Special thanks to Fiona Li, a new BSR contributor who wrote this great recap!
***** Everything below is a SPOILER *****
What happened in The Giver?
The Giver is beyond well known, and you may have read it once or twice in your life. It is a well-written dystopian novel by the famous Canadian author Lois Lowry. The author’s own father’s memory loss inspired her to write this book.
The story is set in a wonderful world free from crimes and sadness, where every citizen treats each other with kindness. The main character is Jonas, a boy who lives in this community and who just turned twelve. In his world, elders assign jobs to all children at the age of twelve. The elders choose everything for the citizens in this community—from their partner to their kids to their housing. No one resists or protests about this control because the citizens believe the elders always make the right choice. They are just used to this way of living.
Jonas lives with his father, a new child Nurturer, his mother, a Department of Justice worker, and his seven-year-old sister Lily. Jonas is a well-behaved citizen and an excellent student, but he is unique in a couple of ways. He has pale eyes, while most individuals in his town have dark eyes, and he possesses exceptional skills of observation. Objects “change” as he stares at them. He is not aware of it yet, but he is the only one with this ability to see flashes of color. For everyone else, the world is devoid of color just as it is devoid of pain, hunger, and annoyance.
At the beginning of the novel, Jonas worries about the upcoming Ceremony of Twelve, the annual ceremony at which the elders will assign his formal role as a new adult member of society. He does not have a certain professional interest, although he likes volunteering in a range of occupations. Jonas is special, however, and is chosen as the Memory Keeper, one of the most principled jobs in his community and certainly the most honorable one. There is only one Memory Keeper, and his job is to keep memories from the past—whether it good or bad, happy or sad. The society has been strictly blockaded from many things to prevent the risk of its members being unlucky and sad.
In Jonas’ new role, the Giver sends memories to him by laying his hands on his bare back. His earliest recollection is of an incredible sled trip. As Jonas gets memories from the Giver—memories of pleasure and pain, extreme cold and warm sun, excitement and dread, and hunger and love—he discovers how monotonous and meaningless life in his community truly is. Jonas’ life is richer and more meaningful as a result of his memories. He wants to share that richness and significance with the people he cares about.
However, in exchange for their calm life, the members of Jonas’ society have lost the ability to love or feel great emotion about anything. They cannot understand true hardship because they have never experienced it. They are also unable to feel the true joy of life, and the lives of others appear less valuable to them. Furthermore, no one in Jonas’ community has ever made a decision on their own.
Jonas becomes more irritated with his community members, and the Giver, who has felt the same way for many years, encourages him. They became very close, much like a grandpa and a grandson may have done before Sameness, when family members kept in touch long after their children had grown up.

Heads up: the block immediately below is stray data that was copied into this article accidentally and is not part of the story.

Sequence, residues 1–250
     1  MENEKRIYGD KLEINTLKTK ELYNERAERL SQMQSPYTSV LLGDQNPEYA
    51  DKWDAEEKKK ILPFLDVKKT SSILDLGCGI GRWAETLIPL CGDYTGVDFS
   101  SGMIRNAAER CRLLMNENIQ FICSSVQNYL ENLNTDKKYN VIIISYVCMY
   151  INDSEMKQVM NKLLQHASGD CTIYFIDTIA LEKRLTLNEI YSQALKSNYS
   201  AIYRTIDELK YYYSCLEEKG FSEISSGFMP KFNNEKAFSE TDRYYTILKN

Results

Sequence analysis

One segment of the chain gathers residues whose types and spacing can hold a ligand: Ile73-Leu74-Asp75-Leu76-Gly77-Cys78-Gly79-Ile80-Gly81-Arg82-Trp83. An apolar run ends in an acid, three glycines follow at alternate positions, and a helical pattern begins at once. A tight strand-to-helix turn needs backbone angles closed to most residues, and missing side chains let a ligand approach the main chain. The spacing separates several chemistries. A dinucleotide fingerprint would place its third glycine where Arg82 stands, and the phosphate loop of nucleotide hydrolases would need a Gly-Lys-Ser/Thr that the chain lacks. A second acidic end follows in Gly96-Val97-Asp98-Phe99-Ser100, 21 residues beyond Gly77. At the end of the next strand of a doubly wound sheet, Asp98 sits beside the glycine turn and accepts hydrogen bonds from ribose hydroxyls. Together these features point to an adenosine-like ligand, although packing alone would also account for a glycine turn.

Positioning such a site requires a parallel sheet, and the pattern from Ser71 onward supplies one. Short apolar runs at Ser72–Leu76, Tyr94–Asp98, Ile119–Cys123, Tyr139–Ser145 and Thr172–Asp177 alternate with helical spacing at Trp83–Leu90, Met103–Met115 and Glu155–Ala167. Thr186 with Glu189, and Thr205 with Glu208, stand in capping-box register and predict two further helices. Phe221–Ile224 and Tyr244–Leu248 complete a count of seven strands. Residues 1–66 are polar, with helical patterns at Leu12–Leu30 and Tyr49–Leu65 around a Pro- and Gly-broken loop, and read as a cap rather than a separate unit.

Meanwhile, Jonas is assisting his family in caring for a problematic new child, Gabriel, who is having difficulty sleeping through the night at the Nurturing Center. Every night, Jonas sends soothing memories to the youngster. He begins to form a relationship with Gabriel that mirrors the family relationships he has experienced through the memories.
Jonas learns the Nuturing Center is preparing to release Gabriel. The Giver informs Jonas that release is the same as death. Jonas’ anger and dismay at this discovery inspire the Giver to help Jonas create a plan to completely transform things in the village. The Giver tells Jonas about the girl who was chosen as the new Receiver ten years ago. She was the Giver’s own daughter, and her name is Rosemary. The Giver and Jonas create a plan for Jonas to flee society and enter Elsewhere. After this, his bigger supply of memories will disseminate, and the Giver will help the people come to terms with the new feelings and thoughts, forever transforming their society.
When Jonas’ father informs him that Gabriel will be released the next day, Jonas is obliged to depart sooner than expected. Jonas steals his father’s bicycle and a supply of food and sets off toward Elsewhere, desperate to save Gabriel. He gradually enters a scene brimming with color, animals, and changeable weather, but also with hunger, danger, and tiredness.
Jonas and Gabriel travel for a long time, avoiding search planes, until thick snow makes bike riding impossible. Jonas climbs a high hill, half-frozen, but comforts Gabriel with memories of brightness and companionship. At the top, Jonas discovers a sled—the sled from his first transferred memory—waiting for him. Jonas and Gabriel enjoy a thrilling downhill ride on the sled. They see—or believe they see—the glittering lights of a pleasant hamlet at Christmas ahead of them, and they hear music. Jonas is certain someone is waiting for them.
A note from Fiona Li: The Giver is a short novel you can finish in a day, yet it has deep meanings within it. It is a book suitable for all ages. After reading it twice, I learned many hints the author had hidden in her own passages as well as her views of the world. I discovered it is much more complex than the average children’s book.
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